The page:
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QLogic and HP Simplify SAN Design
Todd Owens|Wednesday, November 21, 2012
Marketing Manager, HP

What if I told you there was a way to reduce the complexity and cost of SAN connectivity by decreasing the number of tiers, while still providing scalability and high performance bandwidth?

First let’s look at the typical legacy Fibre Channel storage area network (SAN) design which connects servers to edge switches and in turn, these switches connect to core switches (or SAN directors) to provide high performance bandwidth aggregation to shared storage. This core-edge, or two-tiered approach, is deemed necessary to provide sufficient connectivity to multiple server paths and at the same time provide necessary bandwidth for access to the shared storage pool.

The Old Way is Not Always the Best

The challenge with this legacy approach is that the more a SAN grows, the more complexity and costs are added to the mix. With the advent of Fibre Channel stacking architecture, like that found in HP SN6000 Stackable Fibre Channel switches, edge and core capabilities are integrated into a single platform framework, reducing the complexity and cost of the SAN fabric.

Traditional Core/Edge SAN Design vs SAN Design with Stackable Switches

Based on QLogic technology, HP SN6000 Stackable Fibre Channel switches support 20 device ports and four stacking ports in a 1U configuration. The four stacking ports are dedicated for inter-switch link (ISL) communications. These native 10Gb Fibre Channel ports can be upgraded to 20Gb Fibre Channel with a software license key. The dedicated ISL ports allow multiple switches to be connected together in a non-disruptive manner, and provide the high performance Fibre Channel core connectivity found in the traditional two-tier architecture.

Stacking Architecture Combines Core and Edge Functionality

The 20 device ports and dedicated stacking ports of the HP SN6000 Stackable Fibre Channel switches enable the SAN administrator to build a simplified fabric, where edge and core connectivity are integrated. This means one product provides both functions. That's one product to buy and one product to manage, which leads to more efficiency in the data center.

Anatomy of a Stacking Port

The ISL ports on HP SN6000 Stackable Fibre Channel switches are based on XAUI (10Gb Attachment Unit Interface, with the X being roman numeral for 10) connections that deliver 10Gb throughput utilizing four signal lanes per connection. Introduced by the IEEE 802.3ae 10Gb Ethernet Task Force, this technology provides an ideal mechanism for high speed connectivity between devices.

Each ISL connection has four lanes of 3.1875Gbps bi-directional bandwidth, or a total available bandwidth of 12.75Gbps per connection. This means two switches can be connected together using these four connections that provide more than 50Gbps in aggregate bandwidth. In addition, the ports can be upgraded to 2X their native speed using a software license key, enabling each port to run at 25.5Gbps, or 102Gbps total aggregate bandwidth for connecting HP SN6000 switches together.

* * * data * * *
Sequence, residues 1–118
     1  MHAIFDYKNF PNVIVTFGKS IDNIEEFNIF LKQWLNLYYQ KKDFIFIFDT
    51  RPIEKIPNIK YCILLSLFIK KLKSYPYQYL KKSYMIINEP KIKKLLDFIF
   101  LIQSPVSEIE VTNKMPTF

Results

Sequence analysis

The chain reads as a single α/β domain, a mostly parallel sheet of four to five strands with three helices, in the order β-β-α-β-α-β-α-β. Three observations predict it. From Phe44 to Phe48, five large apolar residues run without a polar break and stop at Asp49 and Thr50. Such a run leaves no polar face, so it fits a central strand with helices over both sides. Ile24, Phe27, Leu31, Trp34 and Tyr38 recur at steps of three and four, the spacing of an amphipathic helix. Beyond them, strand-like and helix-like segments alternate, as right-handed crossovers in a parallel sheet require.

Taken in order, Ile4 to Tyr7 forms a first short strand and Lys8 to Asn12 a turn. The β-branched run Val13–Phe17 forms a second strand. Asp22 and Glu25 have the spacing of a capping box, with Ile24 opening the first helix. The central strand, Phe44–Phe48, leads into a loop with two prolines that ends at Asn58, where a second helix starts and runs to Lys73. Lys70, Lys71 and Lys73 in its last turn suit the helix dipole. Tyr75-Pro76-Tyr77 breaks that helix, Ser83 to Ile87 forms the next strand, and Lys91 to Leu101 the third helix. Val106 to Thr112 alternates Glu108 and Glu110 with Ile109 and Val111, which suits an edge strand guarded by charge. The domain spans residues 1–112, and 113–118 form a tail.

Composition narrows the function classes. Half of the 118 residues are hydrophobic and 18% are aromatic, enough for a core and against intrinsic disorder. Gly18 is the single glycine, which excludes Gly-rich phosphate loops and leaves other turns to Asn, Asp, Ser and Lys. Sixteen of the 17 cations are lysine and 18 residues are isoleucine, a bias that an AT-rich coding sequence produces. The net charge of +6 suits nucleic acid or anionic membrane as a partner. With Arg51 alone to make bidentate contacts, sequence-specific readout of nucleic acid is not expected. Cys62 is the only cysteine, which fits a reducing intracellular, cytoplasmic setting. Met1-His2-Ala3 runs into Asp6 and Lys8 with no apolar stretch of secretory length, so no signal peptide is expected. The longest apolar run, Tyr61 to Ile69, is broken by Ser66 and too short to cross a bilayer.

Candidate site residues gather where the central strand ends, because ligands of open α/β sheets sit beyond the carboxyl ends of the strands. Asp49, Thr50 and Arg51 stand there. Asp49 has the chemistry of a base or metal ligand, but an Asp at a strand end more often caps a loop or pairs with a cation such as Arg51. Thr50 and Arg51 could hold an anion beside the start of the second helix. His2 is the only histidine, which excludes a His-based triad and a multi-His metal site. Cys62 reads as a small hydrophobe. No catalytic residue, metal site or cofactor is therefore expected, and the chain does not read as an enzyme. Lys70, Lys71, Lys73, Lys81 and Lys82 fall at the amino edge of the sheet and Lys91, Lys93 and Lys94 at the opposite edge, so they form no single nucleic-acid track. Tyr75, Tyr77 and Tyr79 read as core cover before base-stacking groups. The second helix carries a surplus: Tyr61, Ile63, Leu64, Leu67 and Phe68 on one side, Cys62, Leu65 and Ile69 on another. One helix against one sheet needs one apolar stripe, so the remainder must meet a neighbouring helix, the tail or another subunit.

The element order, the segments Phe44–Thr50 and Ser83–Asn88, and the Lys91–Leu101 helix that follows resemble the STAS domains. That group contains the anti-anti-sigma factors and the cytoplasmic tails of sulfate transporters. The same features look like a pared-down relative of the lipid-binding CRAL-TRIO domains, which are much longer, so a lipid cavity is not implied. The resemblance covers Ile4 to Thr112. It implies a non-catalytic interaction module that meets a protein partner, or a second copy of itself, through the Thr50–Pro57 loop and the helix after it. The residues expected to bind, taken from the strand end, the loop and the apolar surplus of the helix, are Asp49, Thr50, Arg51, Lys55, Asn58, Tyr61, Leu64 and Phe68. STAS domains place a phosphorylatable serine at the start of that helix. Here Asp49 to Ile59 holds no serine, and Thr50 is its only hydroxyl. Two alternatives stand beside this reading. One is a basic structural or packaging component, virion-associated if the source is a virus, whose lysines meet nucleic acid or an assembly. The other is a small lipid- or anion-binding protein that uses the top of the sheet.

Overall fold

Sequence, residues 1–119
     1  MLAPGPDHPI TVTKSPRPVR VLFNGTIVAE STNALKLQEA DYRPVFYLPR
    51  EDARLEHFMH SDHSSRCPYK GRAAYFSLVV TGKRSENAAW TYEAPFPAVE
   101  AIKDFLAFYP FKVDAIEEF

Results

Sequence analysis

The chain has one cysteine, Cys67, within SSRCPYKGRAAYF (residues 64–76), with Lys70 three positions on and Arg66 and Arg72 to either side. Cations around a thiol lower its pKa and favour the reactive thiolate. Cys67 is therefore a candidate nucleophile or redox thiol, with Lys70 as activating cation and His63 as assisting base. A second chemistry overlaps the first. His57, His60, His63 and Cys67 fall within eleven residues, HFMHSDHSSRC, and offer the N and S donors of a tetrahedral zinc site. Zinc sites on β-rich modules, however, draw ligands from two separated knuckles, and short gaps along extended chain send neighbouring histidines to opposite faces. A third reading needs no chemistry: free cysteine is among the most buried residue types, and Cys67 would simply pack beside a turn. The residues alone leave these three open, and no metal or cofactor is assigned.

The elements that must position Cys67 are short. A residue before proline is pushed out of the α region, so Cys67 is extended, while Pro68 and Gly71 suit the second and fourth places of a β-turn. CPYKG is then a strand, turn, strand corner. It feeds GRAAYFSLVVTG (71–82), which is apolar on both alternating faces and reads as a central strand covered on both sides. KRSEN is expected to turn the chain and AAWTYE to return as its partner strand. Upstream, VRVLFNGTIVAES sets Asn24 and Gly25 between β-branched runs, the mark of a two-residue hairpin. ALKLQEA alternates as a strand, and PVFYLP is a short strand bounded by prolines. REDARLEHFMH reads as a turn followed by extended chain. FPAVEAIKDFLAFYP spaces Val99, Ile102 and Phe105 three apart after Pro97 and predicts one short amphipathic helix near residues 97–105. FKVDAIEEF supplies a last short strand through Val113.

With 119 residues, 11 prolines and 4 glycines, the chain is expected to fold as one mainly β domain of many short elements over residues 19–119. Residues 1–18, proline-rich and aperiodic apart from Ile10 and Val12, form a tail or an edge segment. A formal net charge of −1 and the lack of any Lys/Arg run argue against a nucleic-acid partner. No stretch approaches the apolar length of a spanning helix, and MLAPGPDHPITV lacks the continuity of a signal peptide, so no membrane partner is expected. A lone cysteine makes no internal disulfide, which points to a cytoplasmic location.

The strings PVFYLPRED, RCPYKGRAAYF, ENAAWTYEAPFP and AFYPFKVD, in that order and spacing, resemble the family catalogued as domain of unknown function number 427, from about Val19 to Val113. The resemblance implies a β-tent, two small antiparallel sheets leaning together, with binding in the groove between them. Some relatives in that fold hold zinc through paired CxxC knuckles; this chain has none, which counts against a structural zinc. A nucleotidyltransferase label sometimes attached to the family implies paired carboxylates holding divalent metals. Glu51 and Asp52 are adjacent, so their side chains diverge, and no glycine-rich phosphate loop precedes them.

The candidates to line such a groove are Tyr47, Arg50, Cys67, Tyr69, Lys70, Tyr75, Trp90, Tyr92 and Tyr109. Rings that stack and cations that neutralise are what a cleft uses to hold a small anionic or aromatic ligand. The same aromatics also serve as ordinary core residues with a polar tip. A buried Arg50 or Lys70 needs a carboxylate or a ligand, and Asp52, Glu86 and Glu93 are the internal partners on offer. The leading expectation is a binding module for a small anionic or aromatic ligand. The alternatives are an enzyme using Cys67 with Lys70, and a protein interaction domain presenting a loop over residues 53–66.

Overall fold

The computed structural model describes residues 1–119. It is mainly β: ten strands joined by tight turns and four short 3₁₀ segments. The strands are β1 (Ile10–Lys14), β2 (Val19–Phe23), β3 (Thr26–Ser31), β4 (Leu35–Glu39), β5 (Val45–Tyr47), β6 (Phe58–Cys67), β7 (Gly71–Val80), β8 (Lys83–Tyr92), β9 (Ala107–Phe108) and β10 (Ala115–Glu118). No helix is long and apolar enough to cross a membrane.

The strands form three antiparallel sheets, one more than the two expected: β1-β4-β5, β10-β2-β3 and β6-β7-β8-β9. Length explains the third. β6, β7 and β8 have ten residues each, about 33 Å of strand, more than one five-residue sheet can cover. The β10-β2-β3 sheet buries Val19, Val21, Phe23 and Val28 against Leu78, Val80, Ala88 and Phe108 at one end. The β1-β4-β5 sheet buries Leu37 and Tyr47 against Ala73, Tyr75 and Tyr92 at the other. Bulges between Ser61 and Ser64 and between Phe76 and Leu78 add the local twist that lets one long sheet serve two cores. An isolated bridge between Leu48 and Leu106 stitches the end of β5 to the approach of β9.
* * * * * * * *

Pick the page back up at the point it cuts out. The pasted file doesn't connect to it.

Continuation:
The Economics of Stacking – Save Dollars to Invest Elsewhere

With this kind of bandwidth available through only four connections, the dedicated ISL stacking ports in the HP SN6000 Stackable Fibre Channel switches can prove to be very beneficial from a total cost of ownership (TCO) perspective. In fact, a study by Wikibon suggests that the stacking architecture can lower TCO over a four-year period by as much as 74 percent compared to conventional ISL connections that use standard device ports. The primary reason for this is that stacking switches via dedicated, high-speed ISL ports is much more efficient than using standard device ports as the SAN fabric grows. This is because the legacy approach wastes device ports exponentially as switches are added, while the stackable approach leaves all device ports free for their intended use.

Another huge benefit of a stacking architecture is that the high-speed 10Gb or 20Gb stacking ports can replace the need for directors or core switches. This greatly simplifies the overall architecture of the fabric, reducing the number of required components (switches), and since these switches can function as one stack, they can be easily managed from a single console. This means one management application, one login and full management of the fabric.

A third benefit is trunking, a technique that simplifies switch management and optimizes performance by combining multiple ISLs into one common "trunk." While some vendors require IT administrators to purchase additional software, costing between $5,000 and $7,000, to enable this feature, trunking is automatic with HP SN6000 Stackable Fibre Channel switches and no additional licenses are required. A feature called “adaptive trunking" comes standard with all HP H-series Fibre Channel switches and ensures the flow of Fibre Channel data between switches is always balanced and bottlenecks in the ISL paths are eliminated.

The bottom line is SAN administrators can build flatter, more efficient, high-performance SAN fabrics by implementing Fibre Channel switches with a stacking architecture. The overall fabric is greatly simplified both in terms of required components and fabric management. This reduces the overall cost and provides significantly better TCO. As SAN administrators look to upgrade their legacy 2Gb or 4Gb Fibre Channel SAN environments, the expression, “out with the old, and in with the new” may apply. A stackable architecture can really pay off.

For more information on QLogic, HP and HP SN6000 Stackable Fibre Channel switches, go to: and

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